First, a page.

Drawing by Nikos Salingaros

Avoiding planned isolation: Campus design, part 3

Author’s note: This is the third in a series of ten essays that present innovative techniques for designing and repairing a corporate or university campus. These tools combine New Urbanist principles with Alexandrian design methods. Traditional principles of human-scale urban design and planning shape a campus to make it fully alive — especially when the urban fabric is intimately connected to non-university functions somewhere on its perimeter. Reference will be made to eight city types as described in the book-length paper “Eight city types and their interactions”. These are labeled: Nourishing-physical, Fractal, Network, Spontaneous self-built, Virtual, Developer, Anti-network, and Inhuman. Every city, and each region of a city, is some mixture of these eight city types.

Avoiding planned isolation

There is no practical reason to isolate a campus from the larger community, and that is only a holdover of single-use planning.

People perceive campuses with block buildings and hard open spaces as bleak, desolate, threatening, inhuman, and totalitarian. The human scale is missing. And yet this industrial style has shaped a majority of institutional construction for decades. It would appear that school administrators decided to industrialize education, and concluded that industrial-modernist architecture was most appropriate for the task. The campus becomes a piece of the Inhuman city (Salingaros, 2017) in which buildings are placed too far apart to connect.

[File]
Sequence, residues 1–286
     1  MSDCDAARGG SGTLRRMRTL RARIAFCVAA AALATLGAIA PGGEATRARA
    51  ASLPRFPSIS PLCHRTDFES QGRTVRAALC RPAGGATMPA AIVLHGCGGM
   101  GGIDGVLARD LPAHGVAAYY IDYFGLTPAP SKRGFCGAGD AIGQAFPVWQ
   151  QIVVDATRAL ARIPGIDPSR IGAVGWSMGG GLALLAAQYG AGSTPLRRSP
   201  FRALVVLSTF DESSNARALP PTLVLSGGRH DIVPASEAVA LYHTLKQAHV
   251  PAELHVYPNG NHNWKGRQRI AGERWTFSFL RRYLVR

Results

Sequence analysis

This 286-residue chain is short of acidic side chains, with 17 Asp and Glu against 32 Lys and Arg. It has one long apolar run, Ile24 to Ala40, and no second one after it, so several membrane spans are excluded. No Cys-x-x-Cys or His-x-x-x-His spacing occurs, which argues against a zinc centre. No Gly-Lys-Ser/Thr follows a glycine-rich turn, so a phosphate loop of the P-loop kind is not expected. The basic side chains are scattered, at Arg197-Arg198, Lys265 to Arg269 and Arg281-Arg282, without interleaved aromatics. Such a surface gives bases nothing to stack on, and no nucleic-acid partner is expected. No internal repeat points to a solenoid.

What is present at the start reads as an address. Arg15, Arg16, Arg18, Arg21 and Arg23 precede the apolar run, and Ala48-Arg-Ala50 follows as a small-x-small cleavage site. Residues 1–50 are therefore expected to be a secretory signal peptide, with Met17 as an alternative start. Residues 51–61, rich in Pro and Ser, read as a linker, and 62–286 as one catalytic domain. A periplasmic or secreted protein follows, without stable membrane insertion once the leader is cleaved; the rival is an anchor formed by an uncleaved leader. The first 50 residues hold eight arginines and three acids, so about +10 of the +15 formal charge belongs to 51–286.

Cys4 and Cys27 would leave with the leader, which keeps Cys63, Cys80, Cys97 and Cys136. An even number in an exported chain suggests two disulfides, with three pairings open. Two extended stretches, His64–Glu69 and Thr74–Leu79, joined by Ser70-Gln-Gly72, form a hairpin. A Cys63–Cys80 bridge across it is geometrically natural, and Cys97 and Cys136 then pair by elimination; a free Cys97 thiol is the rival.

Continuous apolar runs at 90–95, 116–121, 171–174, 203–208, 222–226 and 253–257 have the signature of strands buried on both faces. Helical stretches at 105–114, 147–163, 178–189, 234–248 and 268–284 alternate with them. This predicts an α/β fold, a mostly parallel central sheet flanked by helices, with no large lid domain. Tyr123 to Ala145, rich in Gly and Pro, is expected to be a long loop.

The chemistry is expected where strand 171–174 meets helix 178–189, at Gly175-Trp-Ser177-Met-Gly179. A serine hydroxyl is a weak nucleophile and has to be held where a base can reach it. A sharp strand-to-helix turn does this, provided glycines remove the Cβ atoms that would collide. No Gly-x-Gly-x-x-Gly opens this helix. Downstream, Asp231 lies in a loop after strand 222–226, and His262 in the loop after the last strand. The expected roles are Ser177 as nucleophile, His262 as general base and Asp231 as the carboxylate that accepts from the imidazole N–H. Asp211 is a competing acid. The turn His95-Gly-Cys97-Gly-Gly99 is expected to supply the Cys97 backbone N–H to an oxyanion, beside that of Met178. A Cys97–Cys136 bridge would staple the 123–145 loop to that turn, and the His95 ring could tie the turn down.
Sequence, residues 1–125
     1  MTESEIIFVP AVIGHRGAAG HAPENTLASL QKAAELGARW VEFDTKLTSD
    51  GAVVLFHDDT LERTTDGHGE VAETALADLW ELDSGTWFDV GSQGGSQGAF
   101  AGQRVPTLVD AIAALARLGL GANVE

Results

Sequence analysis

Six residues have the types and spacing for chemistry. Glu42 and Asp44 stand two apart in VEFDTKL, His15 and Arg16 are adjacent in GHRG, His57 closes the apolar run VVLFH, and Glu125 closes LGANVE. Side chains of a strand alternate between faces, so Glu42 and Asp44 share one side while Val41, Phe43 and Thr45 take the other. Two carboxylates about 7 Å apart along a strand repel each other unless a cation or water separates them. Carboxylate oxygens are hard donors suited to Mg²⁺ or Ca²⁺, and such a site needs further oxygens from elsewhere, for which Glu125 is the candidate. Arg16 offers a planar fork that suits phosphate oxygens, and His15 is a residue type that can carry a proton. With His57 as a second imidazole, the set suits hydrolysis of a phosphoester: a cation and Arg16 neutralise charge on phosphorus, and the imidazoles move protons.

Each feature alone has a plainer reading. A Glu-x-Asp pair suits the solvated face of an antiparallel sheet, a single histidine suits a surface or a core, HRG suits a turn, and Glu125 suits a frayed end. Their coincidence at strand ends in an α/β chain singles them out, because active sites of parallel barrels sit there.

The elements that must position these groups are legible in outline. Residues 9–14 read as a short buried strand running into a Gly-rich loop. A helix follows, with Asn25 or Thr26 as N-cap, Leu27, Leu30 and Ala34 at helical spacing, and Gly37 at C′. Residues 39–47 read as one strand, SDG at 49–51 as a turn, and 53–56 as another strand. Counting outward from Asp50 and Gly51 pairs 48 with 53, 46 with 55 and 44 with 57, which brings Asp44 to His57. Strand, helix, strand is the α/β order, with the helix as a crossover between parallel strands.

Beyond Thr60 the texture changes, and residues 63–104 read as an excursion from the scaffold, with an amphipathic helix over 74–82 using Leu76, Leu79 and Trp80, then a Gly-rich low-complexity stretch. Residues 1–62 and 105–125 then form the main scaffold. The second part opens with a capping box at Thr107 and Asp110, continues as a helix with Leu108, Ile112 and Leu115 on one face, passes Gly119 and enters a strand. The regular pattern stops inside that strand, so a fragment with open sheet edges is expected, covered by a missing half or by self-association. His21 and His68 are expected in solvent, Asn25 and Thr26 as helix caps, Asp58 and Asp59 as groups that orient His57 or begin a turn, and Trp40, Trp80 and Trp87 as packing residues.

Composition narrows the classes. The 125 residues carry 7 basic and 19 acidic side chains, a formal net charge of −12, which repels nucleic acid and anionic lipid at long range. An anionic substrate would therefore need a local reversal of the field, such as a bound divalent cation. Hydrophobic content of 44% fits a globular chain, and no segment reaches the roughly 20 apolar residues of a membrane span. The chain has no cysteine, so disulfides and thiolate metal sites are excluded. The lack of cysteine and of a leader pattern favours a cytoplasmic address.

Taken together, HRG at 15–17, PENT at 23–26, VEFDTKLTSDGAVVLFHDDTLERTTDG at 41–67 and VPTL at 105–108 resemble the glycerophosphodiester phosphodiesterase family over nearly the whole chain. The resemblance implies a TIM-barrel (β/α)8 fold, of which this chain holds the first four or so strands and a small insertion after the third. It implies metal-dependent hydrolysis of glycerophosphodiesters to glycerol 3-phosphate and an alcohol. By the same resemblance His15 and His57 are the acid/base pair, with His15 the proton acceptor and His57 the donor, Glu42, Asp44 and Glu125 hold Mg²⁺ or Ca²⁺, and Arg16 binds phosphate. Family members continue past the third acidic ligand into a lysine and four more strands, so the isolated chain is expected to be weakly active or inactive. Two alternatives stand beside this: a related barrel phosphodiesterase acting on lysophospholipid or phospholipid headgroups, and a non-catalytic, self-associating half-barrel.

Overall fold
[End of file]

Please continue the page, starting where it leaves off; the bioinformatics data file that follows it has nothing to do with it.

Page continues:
The planning habit of mono-functional zoning is also applied to unnecessarily separate a campus from a region of “normal city”. This way of thinking is responsible for the “corporate campus” of major companies isolated in the woods, or at least far out in suburbia. But, while that setting has positive biophilic qualities, it is deliberately not part of the city. An even worse precedent is the misleadingly-named “office park”, which is just a cluster of unrelated office buildings. Both of those urban typologies define a life separated from the rest of humankind.

Historical evidence points to the intentional isolation of workers from city life so that they could be totally controlled by the employer during the workday. The corporation tried to force employee allegiance by isolating them. In a similar vein, many people believe that social engineering was applied to High School and college campuses, implementing a fortress typology in order to better control rioting students. But this claim is unsupported: it just happens that architectural style coincided with typologies whose principal concern was security.

While the corporate campus was, at least in name, loosely copied from the traditional university campus, its urban model is the suburban shopping mall surrounded by vast areas of open parking. Everyone commutes by car. But now this typology has come full circle, with institutions of higher learning copying the isolated corporate campus and suburban office park.

From “Eight city types and their interactions”, keynote speech at the 11th International Congress on Virtual Cities and Territories, Krakow, Poland, 6–8 July 2016 (Salingaros, 2017).

We connect emotionally to specific pieces of the environment